The modern slogan by architect Louis Sullivan “form follows function” that can be perfectly combined with a “less is more” by Dieter Rams, assumes the primary nature of function and that the latter must be evident in the form alone. The function is a given, something natural while form is something artificially imposed over it. But is that really the case? Or do we not recognize precisely in style that the functions, social purposes and norms that are formed in design are made by us and only seem like second nature to us? Is it not the case that we only become the person we want to be through our style? And is not the function of things only revealed in their form?
As such, Adolf Loos was right. Style is a crime: a crime against the rational, against any supposedly natural order, but equally against the seeming immutability of the norm. And most certainly against everything simple and bigoted. Objects, fashion, colors and shapes, trivialities that fall out of the framework of “good taste” betray in their ambivalence a sinister presence – the difference. For a moment the brief, scandalous spectacle of the subcultural style snatches us out of our everyday routine, makes things conspicuous, indeed obtrusive and lends them a new meaning.
form follows function
Style means that nothing has to remain as it is. As such, Sontag was wrong in claiming that the detachment from any given content revealed the unpolitical nature of style. After all, liberating style from any role determined by content also means being able to aesthetically transform normative specifications including gender norms and role models.
Style means that nothing has to remain as it is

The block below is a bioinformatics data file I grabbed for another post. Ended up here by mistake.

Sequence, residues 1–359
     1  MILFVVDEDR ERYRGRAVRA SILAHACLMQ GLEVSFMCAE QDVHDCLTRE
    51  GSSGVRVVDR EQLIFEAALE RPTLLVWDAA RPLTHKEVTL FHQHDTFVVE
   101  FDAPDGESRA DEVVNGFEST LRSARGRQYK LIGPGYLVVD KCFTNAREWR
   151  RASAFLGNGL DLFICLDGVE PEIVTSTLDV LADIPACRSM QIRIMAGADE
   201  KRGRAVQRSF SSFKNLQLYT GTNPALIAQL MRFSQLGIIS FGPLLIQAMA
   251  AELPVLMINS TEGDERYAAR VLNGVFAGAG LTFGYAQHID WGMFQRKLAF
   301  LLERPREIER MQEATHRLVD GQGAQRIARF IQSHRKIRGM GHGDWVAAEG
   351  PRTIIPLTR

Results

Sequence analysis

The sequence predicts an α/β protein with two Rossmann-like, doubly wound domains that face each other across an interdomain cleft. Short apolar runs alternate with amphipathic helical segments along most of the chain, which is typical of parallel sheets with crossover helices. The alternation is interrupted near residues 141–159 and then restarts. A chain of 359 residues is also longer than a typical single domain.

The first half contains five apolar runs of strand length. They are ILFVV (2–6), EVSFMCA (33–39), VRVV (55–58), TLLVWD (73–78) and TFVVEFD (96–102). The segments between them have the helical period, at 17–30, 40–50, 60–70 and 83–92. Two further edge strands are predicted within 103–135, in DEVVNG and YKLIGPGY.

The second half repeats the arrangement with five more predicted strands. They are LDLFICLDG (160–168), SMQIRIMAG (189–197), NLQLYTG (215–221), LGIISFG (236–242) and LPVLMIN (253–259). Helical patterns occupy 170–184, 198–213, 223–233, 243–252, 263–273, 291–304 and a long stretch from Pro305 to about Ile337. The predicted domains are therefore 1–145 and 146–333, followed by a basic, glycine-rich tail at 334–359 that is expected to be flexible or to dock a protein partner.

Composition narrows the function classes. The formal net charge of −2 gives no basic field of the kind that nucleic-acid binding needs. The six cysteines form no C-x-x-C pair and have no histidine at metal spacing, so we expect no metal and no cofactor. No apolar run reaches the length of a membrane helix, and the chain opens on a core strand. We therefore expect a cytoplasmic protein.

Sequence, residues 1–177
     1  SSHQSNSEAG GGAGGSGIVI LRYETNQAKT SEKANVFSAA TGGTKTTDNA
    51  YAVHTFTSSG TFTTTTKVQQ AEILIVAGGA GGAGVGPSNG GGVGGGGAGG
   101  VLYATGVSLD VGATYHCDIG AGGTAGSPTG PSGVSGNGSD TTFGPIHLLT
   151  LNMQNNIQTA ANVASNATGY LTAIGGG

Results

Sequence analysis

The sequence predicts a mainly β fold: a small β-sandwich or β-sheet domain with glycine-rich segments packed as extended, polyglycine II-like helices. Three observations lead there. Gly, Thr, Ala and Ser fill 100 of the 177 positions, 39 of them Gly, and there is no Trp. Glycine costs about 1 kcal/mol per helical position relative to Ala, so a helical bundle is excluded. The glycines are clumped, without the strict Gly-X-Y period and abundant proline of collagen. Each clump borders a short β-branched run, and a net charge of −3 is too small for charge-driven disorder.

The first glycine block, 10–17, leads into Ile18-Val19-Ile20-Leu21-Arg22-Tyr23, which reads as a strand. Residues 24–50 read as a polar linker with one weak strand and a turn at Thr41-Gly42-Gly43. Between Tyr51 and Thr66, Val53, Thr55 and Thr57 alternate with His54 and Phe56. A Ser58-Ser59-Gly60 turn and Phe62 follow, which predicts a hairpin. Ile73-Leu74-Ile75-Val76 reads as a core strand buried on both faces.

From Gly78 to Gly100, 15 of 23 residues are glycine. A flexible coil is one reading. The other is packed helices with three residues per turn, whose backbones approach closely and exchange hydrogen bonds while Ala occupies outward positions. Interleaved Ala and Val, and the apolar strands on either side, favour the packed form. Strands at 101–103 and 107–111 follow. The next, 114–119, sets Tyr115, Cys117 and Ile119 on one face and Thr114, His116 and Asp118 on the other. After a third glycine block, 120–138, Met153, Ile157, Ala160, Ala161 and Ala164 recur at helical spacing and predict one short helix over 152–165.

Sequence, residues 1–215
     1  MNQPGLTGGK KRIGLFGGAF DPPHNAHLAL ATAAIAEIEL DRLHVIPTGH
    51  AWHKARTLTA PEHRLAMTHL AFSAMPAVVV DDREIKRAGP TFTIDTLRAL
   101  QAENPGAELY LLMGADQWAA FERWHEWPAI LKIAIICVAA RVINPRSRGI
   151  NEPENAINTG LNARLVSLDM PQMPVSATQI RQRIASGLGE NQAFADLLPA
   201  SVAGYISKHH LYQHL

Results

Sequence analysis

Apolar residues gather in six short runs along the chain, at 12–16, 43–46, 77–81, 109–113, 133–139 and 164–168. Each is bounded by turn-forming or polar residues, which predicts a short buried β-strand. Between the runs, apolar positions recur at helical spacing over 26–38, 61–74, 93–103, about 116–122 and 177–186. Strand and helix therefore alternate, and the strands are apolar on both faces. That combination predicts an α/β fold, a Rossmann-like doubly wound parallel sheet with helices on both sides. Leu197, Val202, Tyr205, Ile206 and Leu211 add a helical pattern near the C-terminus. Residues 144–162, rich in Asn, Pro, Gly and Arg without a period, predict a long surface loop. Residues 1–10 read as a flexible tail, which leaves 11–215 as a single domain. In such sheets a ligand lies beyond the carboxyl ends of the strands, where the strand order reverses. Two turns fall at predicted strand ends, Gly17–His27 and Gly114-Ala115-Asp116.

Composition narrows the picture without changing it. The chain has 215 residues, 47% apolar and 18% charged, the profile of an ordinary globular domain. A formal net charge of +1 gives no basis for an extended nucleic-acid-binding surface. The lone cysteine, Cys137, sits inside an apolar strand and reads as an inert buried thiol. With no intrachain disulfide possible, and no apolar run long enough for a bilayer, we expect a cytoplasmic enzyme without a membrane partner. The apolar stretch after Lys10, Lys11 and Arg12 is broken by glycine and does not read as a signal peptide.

Queer artist Coco Riot visualized this idea in her work entitled Gender Poo. Coco Riot created a series of new bathroom signs that were previously coded in male and female. Her new icons in the guise of bearded mermaids, drag queens and trans-people that do not comply with any norm seem to shout out that they should also be allowed to feature in a place intended for everyone. The affirmation of style is also an affirmation that there is fundamentally no end to the designability of things that can be juxtaposed with a desperate rejection of all style in favor of “honest” design as the legacy of Modernism. For a person this attitude always entails the possibility of becoming detached from one’s own self and embracing a new relationship to oneself and the world, a new self-determination.
Queer design is not design for a group of queer consumers as design theorist Ece Canli stresses but rather a constant challenge and a never-ending questioning of norms, given structures and hierarchies. A queer politics of style – and be it no more than a pink face covering also visualizes this in public. In defending style, I also have to take seriously the warnings of upright designers – if only as a view – if I am not to become part of an old, familiar problem rather than part of its solution. Precisely in Pride Month June it is evident that not only the heteronormative assimilation to a mainstream society poses a danger for the political difference of style.
If all large capitalist corporations whose only maxim is otherwise maximizing profit were to add rainbow flags to their social media accounts, then this reveals a greater danger for the political difference of style because it threatens it as a consequence of its own logic. As such, the apolitical aspect of style that Sontag describes contains a kernel of truth here: The danger is no longer that it remains superficial but rather that the previously political content is monopolized. As soon as everything can smoothly become style to great media effect this potential loses its force and becomes limp in some highly visible yet inevitable insignificance.
June is #PRIDEMONTH: The month exemplifies the society we want to live in and demand all year round. That means LGBTQIA+ rights, queer visibility and acceptance. We take this as an opportunity to focus on current debates and positions of the queer community on SCHIRN MAG.